Saanich’s Google science wonder kid is now a modern Renaissance woman

Saanich’s Google science wonder kid is now a modern Renaissance woman

Accomplished inventor, artist, writer, student and self-proclaimed film nerd all appropriately describe Ann Makosinski.

At 15, she was the lone Canadian at Google’s annual science mega-competition, winning her category with her invention – a battery-free, ever-ready flashlight powered by the heat of human hands.

Makosinski catapulted into international headlines.

The St. Michaels University School grad, now 25, made international headlines then and the accolades continued, such as positions on TIME and Forbes magazines’ 30-under-30 lists, and appearances with Jimmy Fallon.

The Google win inspired the Saanich resident. Makosinski remembers thinking: “If this is possible, I can do anything.”

She filled the next decade with a variety of creations.

Upon graduation in 2015, Makosinski turned expectations on their head. She felt self and societal pressure to be a speaker and a scientist, but instead of flowing in the path she’d forged, she leaped outside the box, declining an engineer scholarship to pursue the arts at the University of British Columbia.

READ ALSO: Victoria teen Ann Makosinski conquering Google and Grade 11

“It allowed me a bit of leeway,” Makosinski said, seated at home in Saanich on a cool January afternoon.

The Arts One program was flexible enough for her to take absences, and catch up on work, allowing world travel for events and speaking engagements. While she spent just over two years at UBC, travel and speaking gigs continue to this day.

In the 2018/19 school year, she transferred to the University of Victoria but then in summer 2019, the summer she was 21, Makosinski was accepted to a six-week acting intensive in New York City.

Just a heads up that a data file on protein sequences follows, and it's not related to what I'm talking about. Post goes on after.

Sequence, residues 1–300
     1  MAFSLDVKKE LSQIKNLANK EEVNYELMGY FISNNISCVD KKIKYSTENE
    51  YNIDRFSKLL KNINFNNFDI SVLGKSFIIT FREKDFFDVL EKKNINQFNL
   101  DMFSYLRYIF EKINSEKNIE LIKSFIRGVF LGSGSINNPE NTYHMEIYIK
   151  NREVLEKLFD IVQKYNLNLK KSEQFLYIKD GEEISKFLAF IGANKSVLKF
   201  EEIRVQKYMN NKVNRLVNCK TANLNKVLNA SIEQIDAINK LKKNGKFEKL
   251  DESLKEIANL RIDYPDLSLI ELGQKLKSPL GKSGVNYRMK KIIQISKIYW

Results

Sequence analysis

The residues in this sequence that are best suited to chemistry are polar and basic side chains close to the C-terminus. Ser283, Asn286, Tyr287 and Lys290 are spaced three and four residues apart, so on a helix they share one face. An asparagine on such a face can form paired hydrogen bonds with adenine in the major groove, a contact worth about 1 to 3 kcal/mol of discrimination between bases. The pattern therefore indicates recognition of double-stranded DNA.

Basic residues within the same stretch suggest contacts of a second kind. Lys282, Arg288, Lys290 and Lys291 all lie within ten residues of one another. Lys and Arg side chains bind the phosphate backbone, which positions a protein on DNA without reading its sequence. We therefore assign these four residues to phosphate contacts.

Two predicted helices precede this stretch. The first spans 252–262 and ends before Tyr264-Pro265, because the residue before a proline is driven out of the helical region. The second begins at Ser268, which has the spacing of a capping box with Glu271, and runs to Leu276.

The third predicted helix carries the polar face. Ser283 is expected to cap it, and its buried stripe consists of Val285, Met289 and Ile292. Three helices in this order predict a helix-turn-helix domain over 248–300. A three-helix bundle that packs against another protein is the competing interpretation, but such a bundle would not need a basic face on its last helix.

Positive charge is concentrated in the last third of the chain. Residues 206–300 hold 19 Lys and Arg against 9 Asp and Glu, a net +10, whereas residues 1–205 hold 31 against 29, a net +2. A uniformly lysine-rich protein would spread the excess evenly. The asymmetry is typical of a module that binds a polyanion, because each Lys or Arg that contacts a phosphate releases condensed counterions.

“This was a big stretch for me,” she said.

But those tend to work out best for her, reaching outside her comfort zone, trying new things and sometimes even failing – though not this time.

“Acting classes force you to leave who you are and your ego at the door,” she said.

She found herself at HB Studios, where favourite famous old-timers such as Gene Wilder once studied, a few days a week.

READ ALSO: Saanich teen inventor captures more accolades

The other days were spent developing a series of children’s toys that run off green energy.

“It was a really good balance of science and arts,” she said.

Makosinski was in New York in spring 2020 when things went quiet and could have been lonely. She found herself immersed in her imagination, writing and drawing.

The result includes several books, TV shows and toys pitched to a variety of sources. She made some business bumbles and had to walk away from a few projects.

“2021 for me was completely starting over … Those were the times when again I learned most about myself,” Makonsinski said. She realized her ideas hold value.

In 2022, she also became a face of Maybelline New York’s new Green Edition makeup line, a major effort towards sustainable practices in the beauty space. That summer she returned Greater Victoria where she’s now finishing her English degree, with a minor in film studies, at UVic.

It’s among her life goals to host a show connecting science and art, and she’s been a part of several podcast, video and television projects.

Makosinski started writing her first year of university but “nothing really clicked and I’m kind of glad because I wasn’t ready for that.” In 2021, she met someone through the Rachel Mills Literary in the UK – a time she started seriously considering what a book might look like. It parlayed into a book deal with Knopf Canada.

While the idea is equally terrifying and exciting, she’s focused on her book which is set to be released in spring 2024. The Inventing Mindset aims to break the societal image of an old man in a white coat as the inventor.

“I hope the book is an inspiration to people to learn more about the world.”

She’s currently collecting perspectives to broaden beyond her own, alongside finishing that degree at UVic.

Not one to languish with spare time, the former competitor becomes the judge this month in the Samsung Solve for Tomorrow contest that has youth use STEM learning alongside Samsung technology to solve real world problems. Grand prize winners are announced in April.

“I’m excited to see what kind of things they come up with.”

The contest is open to youth aged 16 to 25. Jan. 31 is the deadline to apply online here.


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